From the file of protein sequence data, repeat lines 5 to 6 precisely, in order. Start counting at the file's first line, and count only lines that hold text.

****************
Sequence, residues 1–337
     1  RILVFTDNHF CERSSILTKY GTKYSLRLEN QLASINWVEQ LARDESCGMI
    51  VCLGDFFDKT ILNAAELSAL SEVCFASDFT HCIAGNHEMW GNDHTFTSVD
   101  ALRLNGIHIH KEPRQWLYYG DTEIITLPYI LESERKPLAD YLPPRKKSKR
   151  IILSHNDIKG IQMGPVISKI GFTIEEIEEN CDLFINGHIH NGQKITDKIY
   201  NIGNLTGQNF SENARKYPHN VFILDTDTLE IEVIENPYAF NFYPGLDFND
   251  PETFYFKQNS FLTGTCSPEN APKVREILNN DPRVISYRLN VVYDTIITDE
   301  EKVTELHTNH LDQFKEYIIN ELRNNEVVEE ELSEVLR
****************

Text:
   151  IILSHNDIKG IQMGPVISKI GFTIEEIEEN CDLFINGHIH NGQKITDKIY
   201  NIGNLTGQNF SENARKYPHN VFILDTDTLE IEVIENPYAF NFYPGLDFND